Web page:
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7 common mistakes parents make when giving commands to their child

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7 common mistakes parents make when giving commands to their child

You might be surprised that how you tell your child to do a task can make a big difference and whether they do it or not. I will walk you through some of the common mistakes parents make as a try to get their child to complete the tasks they want them to do and how you can fix them.

1.Vague requests. Don’t be cryptic in your requests. Be very clear about what you are expecting from your child. Be sure to include any timeline expectations you have. Avoid: “Mary, I want you to pick up your room this weekend.” Instead say: “Mary, I need you to vacuum and dust your room before dinner tonight.”

2. Asking in a passive voice. Be firm and directive in your tone when giving a command. That does not mean increasing the volume of your voice. It means making the request expecting that your child will do what you ask them.

3. Asking in the form of a question. A common mistake. It is much different to say “Johnny, will you go clean your room?” vs. “Johnny, I need you to clean your room now.” If you are not giving them a choice in whether they do the task, don’t give the command in the form of a question.

4. Giving too many commands at once. Most children have difficulty with more than one or two commands at a time. This is especially true for ADHD children. Instead give instructions preferably one at a time so that the child can focus on that one task. If it helps, you can write down tasks that have multiple steps, but only present one at a time.

5. Get your child’s attention when you give a command. Nowadays there are multiple things vying for your child’s attention: videogames, their phones, texting with friends, the TV, etc. There are two things you can do to help with this: first turn off the distraction before you give the command. Secondly physically bend down so that you are eye to eye with your child to give them the request making sure that they are looking at you versus whatever it is they were doing.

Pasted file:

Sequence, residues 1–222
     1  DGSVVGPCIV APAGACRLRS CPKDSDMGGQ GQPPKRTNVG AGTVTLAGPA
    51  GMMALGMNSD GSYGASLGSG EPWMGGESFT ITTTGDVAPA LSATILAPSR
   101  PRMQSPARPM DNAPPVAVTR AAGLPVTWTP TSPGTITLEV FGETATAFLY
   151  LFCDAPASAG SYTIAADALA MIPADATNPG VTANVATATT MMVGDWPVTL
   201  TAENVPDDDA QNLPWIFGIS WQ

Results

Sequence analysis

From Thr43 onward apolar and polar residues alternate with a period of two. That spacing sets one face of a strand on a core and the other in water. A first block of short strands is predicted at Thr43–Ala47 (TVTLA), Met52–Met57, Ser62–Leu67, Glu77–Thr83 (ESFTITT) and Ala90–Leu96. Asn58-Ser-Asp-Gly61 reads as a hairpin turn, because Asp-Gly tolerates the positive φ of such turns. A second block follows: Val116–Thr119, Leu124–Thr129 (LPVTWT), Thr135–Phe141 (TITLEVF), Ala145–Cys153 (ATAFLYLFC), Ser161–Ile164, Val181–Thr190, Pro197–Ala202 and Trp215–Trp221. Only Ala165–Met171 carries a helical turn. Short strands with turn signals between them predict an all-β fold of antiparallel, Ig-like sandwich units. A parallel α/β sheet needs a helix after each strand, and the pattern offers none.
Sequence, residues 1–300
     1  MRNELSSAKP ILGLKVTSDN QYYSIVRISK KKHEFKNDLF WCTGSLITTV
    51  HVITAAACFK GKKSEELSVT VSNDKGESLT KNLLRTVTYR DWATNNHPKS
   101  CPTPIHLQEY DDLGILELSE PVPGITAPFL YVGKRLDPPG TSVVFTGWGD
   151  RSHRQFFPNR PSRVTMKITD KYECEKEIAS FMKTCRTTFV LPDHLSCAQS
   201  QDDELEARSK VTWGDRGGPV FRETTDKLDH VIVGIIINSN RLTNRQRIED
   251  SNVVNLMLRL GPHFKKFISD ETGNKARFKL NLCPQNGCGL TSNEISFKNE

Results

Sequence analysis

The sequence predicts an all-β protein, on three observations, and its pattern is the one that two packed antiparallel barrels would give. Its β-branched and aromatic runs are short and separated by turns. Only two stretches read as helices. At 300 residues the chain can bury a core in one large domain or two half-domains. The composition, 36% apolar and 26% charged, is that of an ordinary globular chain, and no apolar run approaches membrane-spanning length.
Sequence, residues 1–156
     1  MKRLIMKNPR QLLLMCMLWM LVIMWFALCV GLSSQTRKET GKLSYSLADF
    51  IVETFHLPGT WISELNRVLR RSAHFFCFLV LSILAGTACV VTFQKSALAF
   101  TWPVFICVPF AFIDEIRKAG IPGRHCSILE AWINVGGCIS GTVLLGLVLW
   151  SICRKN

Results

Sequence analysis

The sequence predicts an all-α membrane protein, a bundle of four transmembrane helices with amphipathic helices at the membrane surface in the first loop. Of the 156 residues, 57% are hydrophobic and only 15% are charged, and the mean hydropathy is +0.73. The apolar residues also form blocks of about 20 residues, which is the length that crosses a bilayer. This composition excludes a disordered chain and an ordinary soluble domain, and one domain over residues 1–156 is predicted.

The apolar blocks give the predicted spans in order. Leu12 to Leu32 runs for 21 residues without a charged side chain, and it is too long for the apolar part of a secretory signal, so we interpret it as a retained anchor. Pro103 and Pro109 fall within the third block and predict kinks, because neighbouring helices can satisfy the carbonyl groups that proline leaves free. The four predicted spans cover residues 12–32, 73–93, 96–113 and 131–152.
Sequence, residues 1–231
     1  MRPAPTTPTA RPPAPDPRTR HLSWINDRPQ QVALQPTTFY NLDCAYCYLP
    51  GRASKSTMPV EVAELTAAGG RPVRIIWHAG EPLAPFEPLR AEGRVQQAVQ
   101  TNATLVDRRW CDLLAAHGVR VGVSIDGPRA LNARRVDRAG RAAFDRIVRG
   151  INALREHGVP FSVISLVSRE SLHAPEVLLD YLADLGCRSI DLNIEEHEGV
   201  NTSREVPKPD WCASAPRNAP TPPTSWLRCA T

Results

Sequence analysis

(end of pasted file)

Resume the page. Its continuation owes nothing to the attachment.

6. Not making sure your child heard the command. It can help when parents ask their child to repeat the instructions given to them. That way you can ensure the child heard what you are requesting of them accurately.

7. Not writing commands down so you don’t have to repeat it. Oftentimes conflict occurs because a parent is having to repeat over and over the commands they are giving their child. Write down clearly what you are expecting the child to do. If a child is unclear what you are asking, refer them to the list you wrote so that does the talking for you.

There you have it. Simple steps that can have powerful results. As you are starting to implement giving more effective commands, keep it simple. Choose one behavior to focus on. Be sure to practice saying the commands aloud so you hear the tone of your voice and feel what that is like internally for you. Then begin to implement the change and notice the impact it has on your child. Many parents I work with find doing this small change coupled with other strategies can make a tremendous difference with their child’s compliance.

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